It seems a lifetime ago.
But only six years have passed since we stood in the endless line in the convention-center-dining-room entry hall to Portland International Airport customs with our carry-on baggage and a little girl who had been born somewhere outside Dongguan about seventeen months earlier.
I don't think I can ever forget the awful two weeks we spent in China. And it was less horrible for me than it was for my bride. Mojo - for all that her father's longstanding motto is "Everybody's out to screw ya, so watch yer back..!" - is an optimist at heart, or, perhaps, a justist; she really believes that if you do the right and decent thing and work hard to do it you should get what you work for. The notion that a cold and uncaring world will let you break your heart and then gleefully spit on the pieces is unacceptable to her.
So when our first adoption fell to pieces, and especially the way it fell to pieces, she was shattered in the fall. In some ways I think she will never be mended; I still remember the bitterness in her voice when she looked upon our children and said "We're two-for-four in kids".
Still. We've managed to get this far with our health and two reasonably happy, reasonably healthy kiddos. Our little Miss seems to be growing up with no more than the usual number of kid problems and issues, while some of the other APs we know are fighting with horrors like attachment and emotional maelstroms. So as far as I am concerned we are not "lucky" - call no family lucky until they are all dead of peaceable old age - but we have been lucky so far.
Last night I came home to find the Girl outside under the golden rain tree in the city strip. She was collecting seedpods and shaking the seeds into a jar.
After she had collected a full jar she hopped over and asked me a hundred questions - little Miss Question Time is the Queen of Questions, in case you hadn't noticed from the blog here - about the tree; what it was and why it was where it was and how it had grown and what we planned to do with it.
After I answered her questions - or as many as I could - she pondered the immensity of trees and their future and decided that she would send some of her seeds to the Friends of Trees, so that they would be able to raise more trees and help more families have wonderful trees like ours.
Today I find myself recalling that nightmarish adoption anabasis with a certain detached and bitter amusement. It could hardly have been worse unless we had left China without a little person.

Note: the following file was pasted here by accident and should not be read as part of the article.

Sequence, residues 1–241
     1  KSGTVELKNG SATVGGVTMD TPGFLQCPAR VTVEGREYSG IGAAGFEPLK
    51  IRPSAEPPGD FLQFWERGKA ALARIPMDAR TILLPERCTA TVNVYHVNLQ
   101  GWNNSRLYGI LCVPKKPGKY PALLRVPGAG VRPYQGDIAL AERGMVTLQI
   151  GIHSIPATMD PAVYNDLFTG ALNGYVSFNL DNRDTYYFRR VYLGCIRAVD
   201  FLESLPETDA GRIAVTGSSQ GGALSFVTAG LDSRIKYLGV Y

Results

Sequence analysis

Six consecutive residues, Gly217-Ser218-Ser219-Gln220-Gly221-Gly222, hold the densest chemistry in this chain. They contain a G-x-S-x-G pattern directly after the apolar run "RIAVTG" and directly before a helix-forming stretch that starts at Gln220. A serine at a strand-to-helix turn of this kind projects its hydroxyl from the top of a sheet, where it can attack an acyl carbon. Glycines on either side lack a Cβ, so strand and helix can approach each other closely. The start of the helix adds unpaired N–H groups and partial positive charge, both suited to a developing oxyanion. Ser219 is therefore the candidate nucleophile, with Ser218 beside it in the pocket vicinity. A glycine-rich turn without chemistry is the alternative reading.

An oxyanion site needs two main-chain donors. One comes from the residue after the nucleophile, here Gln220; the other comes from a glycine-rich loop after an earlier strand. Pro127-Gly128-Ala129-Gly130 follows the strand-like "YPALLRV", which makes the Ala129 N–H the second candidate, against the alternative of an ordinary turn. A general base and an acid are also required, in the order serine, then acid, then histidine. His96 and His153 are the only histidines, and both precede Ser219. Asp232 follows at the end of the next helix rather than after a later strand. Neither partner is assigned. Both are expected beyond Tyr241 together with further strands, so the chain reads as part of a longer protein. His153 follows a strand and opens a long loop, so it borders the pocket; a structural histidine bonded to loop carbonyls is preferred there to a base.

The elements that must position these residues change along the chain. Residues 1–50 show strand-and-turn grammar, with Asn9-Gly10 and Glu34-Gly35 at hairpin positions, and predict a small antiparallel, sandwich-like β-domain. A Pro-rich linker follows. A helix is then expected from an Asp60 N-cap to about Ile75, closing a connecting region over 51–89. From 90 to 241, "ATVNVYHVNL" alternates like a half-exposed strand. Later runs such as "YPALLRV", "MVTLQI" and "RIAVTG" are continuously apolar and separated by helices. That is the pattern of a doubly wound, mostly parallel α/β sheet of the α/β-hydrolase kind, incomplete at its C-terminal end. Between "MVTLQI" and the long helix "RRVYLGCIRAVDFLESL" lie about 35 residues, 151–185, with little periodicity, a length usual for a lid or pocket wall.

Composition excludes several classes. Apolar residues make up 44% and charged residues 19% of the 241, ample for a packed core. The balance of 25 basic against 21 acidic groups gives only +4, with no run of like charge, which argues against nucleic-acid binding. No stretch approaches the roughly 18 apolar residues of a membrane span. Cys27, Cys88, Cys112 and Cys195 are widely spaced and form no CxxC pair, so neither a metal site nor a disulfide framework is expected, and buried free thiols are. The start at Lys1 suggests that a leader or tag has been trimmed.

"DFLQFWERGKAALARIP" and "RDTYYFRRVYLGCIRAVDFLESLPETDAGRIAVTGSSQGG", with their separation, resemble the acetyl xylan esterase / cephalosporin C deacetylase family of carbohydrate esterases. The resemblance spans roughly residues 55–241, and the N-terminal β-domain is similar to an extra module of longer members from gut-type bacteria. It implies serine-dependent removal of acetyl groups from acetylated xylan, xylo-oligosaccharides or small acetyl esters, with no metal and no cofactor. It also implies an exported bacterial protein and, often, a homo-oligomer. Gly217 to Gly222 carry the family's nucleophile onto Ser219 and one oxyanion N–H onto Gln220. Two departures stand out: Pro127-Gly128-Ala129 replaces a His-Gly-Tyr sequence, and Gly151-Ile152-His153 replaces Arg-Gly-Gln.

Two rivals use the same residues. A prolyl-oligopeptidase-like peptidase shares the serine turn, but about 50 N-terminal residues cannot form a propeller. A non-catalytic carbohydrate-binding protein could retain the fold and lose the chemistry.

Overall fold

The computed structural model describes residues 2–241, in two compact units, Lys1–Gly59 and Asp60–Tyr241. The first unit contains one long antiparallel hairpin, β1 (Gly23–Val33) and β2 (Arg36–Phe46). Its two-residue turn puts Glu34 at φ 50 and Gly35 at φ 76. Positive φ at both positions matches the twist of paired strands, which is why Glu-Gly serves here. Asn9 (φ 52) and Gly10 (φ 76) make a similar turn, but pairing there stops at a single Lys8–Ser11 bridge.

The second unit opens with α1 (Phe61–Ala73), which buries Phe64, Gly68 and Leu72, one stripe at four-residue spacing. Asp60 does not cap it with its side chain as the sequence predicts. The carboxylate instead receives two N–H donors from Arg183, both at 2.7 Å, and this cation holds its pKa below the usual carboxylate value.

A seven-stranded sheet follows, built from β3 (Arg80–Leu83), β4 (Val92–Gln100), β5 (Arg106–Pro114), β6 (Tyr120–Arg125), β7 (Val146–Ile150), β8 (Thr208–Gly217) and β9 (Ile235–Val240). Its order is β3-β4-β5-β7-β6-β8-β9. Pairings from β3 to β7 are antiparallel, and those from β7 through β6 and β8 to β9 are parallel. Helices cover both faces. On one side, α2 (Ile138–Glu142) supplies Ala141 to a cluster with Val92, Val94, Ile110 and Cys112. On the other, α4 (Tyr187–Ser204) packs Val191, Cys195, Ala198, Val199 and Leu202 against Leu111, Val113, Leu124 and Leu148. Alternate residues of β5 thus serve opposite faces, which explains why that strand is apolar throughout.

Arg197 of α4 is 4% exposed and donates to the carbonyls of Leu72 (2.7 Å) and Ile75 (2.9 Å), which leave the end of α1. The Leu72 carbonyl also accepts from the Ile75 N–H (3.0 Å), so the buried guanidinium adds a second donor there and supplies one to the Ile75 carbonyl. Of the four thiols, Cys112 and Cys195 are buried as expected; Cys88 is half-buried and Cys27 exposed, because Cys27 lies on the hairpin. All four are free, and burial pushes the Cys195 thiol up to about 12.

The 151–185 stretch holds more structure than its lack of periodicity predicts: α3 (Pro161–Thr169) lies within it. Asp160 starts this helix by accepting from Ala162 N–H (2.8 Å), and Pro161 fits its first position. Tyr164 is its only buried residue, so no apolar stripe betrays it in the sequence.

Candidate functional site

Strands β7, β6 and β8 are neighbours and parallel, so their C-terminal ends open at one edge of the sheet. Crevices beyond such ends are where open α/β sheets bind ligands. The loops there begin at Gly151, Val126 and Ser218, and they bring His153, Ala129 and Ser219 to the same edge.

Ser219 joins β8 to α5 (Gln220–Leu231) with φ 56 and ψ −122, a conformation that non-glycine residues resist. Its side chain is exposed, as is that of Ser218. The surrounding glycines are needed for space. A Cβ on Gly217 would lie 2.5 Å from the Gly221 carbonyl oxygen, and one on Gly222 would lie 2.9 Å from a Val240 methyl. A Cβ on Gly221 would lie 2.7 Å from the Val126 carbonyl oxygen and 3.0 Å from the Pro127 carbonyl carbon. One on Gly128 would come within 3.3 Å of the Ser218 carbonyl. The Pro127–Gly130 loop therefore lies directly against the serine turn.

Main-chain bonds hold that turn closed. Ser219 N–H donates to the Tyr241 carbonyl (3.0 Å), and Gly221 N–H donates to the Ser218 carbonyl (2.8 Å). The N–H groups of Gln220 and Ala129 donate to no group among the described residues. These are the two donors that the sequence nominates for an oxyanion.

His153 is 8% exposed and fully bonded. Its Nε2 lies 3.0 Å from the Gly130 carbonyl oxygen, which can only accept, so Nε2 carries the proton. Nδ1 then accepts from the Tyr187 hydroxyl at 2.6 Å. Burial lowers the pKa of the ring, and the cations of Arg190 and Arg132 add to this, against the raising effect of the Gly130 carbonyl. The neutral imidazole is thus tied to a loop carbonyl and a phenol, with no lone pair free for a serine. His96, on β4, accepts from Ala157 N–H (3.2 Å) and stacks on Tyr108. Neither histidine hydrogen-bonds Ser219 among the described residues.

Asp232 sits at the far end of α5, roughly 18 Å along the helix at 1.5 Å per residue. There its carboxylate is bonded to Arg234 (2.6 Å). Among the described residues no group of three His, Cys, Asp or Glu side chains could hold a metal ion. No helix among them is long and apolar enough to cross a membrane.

But as it turned out we seem to have managed, through no virtue of our own, to have blundered into a very sweet, very funny, very loving little person who loves ponies and pasta and trees and her mom and me.
Her brother? Well, that might take some time.
I'm not going to get all goopy about fucking red threads and ladybuggery, don't worry. I don't have to, because Gina Biggs, who is awesomesauce, has already said everything that needs to be said about that stuff;
Sometimes the thread you're desperate to hang on to breaks.
Sometimes you lose that thread, and sometimes you cast it away.
Sometimes, though, you get tangled in a thread that you didn't look for or want, didn't hope or work for, and that turns out to be the one that twines around your heart.
So thanks, little one, for tangling us up. Our happy coincidence doesn't lighten a single step of the hard journey to where we met you. It doesn't take away old sorrows, and it will not forestall the sorrows to come.
But it has lightened many since we met.
Ours is an odd sort of love; we were not born into it, and we didn't happen upon it, and we didn't fall into it. We built it, day by day, word by word and touch by touch, without knowing the shape of what we were building or whether we could build a love that wouldn't fall to dust and ashes with a harsh word or a cruel touch. But we did, and do; every day we live we are a gift of love.
We didn't know we loved each other until we did.